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Residents in St. Croix sue government over water contaminated with lead and copper

Lead and copper contamination in St. Croix, in the U.S. Virgin Islands, has led to panic, and forced thousands to drink bottled water.

SAN JUAN, Puerto Rico (AP) — A group of residents have sued a public utility company in the U.S. Virgin Islands after authorities there reported finding high levels of lead and copper in the tap water on St. Croix. The report caused panic and forced tens of thousands to rely on bottled water.

The class-action lawsuit, which is expected to be served in the coming days, accuses the U.S. territory’s Water and Power Authority and Seven Seas Water Corporation of improper monitoring and failing to provide safe water, among other things.


Andrew Smith, the public utility’s CEO, condemned the lawsuit on Wednesday. He said the agency acted swiftly and transparently after the test results became available and that officials are still working to improve water quality in St. Croix.

"We … are disappointed that amidst these challenging circumstances, there are those who seek monetary gain by exploiting the evolving situation impacting the people of St. Croix," he said in a statement.

Seven Seas Water Corporation, a Florida-based company that runs a plant on St. Croix and provides water to the public utility for distribution, did not respond to a message seeking comment.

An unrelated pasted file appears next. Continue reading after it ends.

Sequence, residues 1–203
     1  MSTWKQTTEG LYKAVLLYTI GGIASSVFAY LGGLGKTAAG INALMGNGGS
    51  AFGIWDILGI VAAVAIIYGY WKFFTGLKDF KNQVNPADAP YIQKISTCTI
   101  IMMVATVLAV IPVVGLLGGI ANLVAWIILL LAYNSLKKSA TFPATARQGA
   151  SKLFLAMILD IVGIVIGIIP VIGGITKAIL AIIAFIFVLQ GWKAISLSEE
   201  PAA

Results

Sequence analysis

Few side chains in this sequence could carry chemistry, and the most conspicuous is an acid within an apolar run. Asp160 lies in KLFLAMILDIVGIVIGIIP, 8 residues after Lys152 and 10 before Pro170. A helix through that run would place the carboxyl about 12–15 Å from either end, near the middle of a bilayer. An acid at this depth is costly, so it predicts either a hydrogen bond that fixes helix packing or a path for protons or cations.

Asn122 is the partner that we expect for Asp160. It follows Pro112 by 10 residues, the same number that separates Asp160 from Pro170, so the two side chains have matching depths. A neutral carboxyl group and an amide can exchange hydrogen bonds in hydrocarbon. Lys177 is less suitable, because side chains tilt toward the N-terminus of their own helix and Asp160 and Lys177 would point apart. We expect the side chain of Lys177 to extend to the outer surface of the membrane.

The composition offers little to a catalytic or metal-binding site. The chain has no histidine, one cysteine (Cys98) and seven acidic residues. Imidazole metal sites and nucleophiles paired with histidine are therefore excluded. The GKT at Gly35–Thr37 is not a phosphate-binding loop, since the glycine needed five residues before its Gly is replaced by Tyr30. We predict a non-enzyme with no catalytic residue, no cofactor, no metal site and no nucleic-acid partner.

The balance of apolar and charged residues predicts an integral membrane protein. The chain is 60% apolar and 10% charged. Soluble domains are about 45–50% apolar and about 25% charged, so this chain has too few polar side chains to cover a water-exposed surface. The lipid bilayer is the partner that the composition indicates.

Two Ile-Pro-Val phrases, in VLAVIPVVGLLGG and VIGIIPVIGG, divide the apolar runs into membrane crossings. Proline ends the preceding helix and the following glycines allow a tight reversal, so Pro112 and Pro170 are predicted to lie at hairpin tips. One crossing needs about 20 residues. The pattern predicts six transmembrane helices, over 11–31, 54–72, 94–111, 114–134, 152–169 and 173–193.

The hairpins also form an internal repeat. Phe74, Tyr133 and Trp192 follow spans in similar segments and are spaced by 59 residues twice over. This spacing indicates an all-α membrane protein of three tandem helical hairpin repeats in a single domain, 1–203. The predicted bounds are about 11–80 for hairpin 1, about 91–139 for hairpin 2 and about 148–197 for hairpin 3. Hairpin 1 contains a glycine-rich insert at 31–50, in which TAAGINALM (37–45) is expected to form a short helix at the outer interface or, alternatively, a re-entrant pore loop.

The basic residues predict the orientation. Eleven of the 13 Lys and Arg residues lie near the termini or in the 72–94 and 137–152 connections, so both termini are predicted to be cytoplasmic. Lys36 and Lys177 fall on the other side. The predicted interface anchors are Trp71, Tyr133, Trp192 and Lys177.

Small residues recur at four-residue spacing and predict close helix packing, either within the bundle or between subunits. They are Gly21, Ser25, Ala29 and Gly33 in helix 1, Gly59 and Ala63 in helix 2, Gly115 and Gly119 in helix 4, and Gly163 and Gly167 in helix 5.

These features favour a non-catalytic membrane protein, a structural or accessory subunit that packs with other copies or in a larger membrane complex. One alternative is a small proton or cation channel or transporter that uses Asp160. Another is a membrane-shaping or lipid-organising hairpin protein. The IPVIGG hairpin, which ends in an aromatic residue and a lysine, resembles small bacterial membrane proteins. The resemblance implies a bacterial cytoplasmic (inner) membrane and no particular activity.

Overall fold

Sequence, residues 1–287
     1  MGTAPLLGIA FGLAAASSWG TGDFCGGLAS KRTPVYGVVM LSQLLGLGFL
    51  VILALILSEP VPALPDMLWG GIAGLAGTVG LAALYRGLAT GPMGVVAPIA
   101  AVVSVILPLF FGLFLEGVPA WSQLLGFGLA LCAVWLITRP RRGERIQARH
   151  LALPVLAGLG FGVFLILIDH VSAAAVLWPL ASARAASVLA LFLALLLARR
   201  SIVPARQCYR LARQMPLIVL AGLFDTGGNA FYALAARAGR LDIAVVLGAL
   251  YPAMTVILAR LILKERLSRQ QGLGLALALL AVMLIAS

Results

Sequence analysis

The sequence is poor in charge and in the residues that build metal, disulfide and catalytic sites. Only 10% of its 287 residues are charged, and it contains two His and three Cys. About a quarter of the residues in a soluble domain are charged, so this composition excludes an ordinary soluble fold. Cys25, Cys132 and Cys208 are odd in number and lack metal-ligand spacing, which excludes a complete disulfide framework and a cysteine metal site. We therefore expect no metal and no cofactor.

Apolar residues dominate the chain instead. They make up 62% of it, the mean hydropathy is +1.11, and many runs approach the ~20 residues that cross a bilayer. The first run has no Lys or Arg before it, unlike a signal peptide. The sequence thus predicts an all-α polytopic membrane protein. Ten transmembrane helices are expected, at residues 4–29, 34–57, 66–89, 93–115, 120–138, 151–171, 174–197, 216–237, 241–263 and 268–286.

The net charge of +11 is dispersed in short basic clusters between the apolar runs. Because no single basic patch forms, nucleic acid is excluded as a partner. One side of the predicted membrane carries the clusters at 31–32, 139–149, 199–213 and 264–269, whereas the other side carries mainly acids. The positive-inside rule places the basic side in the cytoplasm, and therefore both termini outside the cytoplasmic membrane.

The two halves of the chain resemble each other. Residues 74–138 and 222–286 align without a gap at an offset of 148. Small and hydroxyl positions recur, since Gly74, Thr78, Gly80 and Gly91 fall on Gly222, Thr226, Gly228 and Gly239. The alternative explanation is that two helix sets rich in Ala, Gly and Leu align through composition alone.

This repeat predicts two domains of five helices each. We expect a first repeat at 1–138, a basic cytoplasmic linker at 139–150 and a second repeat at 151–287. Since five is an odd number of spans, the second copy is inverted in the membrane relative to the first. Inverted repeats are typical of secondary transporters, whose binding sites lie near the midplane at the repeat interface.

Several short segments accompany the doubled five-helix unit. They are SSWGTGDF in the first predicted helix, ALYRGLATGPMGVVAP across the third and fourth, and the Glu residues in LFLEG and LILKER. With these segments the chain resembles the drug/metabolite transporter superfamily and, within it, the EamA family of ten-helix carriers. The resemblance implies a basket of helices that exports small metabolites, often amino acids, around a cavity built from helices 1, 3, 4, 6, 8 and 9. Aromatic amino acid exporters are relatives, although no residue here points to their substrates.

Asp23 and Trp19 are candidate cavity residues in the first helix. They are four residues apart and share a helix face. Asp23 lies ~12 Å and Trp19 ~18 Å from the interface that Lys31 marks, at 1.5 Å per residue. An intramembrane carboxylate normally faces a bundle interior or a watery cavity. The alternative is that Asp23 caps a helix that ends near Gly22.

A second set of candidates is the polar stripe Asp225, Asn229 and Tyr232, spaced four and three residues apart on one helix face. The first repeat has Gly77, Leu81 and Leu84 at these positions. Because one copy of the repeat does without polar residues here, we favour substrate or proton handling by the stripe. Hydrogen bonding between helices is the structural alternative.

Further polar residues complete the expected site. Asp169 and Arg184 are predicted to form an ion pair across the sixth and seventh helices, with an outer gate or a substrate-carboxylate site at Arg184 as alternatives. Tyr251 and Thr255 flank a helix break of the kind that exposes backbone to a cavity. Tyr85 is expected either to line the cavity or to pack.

Lee J. Rohn, whose firm filed the lawsuit last week, said in an interview Wednesday that her clients have children whose blood tests show high levels of lead in their system.

"It would be narrow-minded at best to limit this to some idea that somebody is looking for monetary gain," she said. "What people are looking for is justice."

The investigation into the state of tap water in St. Croix began in late September, following complaints of reddish-brown water on the island of more than 50,600 people. In late October, the local government announced that officials found high levels of lead and copper and warned people not to drink their tap water.

As testing continued, the governor of the U.S. Virgin Islands announced a state of emergency, with President Joe Biden doing the same earlier this month as residents in St. Croix received vouchers for bottled water.

However, experts contacted by The Associated Press have said the results could be false because the testing did not meet standards set by the U.S. Environmental Protection Agency.

Rohn, the attorney, dismissed that possibility, saying her clients have high levels of lead in their systems. She also criticized the government for announcing a couple of weeks ago that lead levels were low or undetectable at samples taken from various schools across St. Croix.

"There should be no levels of lead," she said. "The people can’t drink their water. They can’t bathe in their water. They can’t cook with their water. They can’t brush their teeth with their water, and they’re being told by WAPA that they should spend money to fix their own plumbing."

Lead is a heavy metal that can damage a child’s brain and nervous system, slow development and cause hearing and speech problems, according to the U.S. Centers for Disease Control and Prevention.

The lawsuit states that to make "matters worse, residents do not know how long they have been exposed to elevated levels of lead and copper in their water as WAPA has indicated that it only tests its water for these substances every three years."

The complaint seeks reimbursement for all expenses incurred by those affected and also replacement of all lead service lines at no cost to customers.

Rohn also criticized that taxpayer money was being used to fund vouchers for bottled water. She said there should be a better distribution method for safe drinking water given that some residents are elderly and unable to leave their home.

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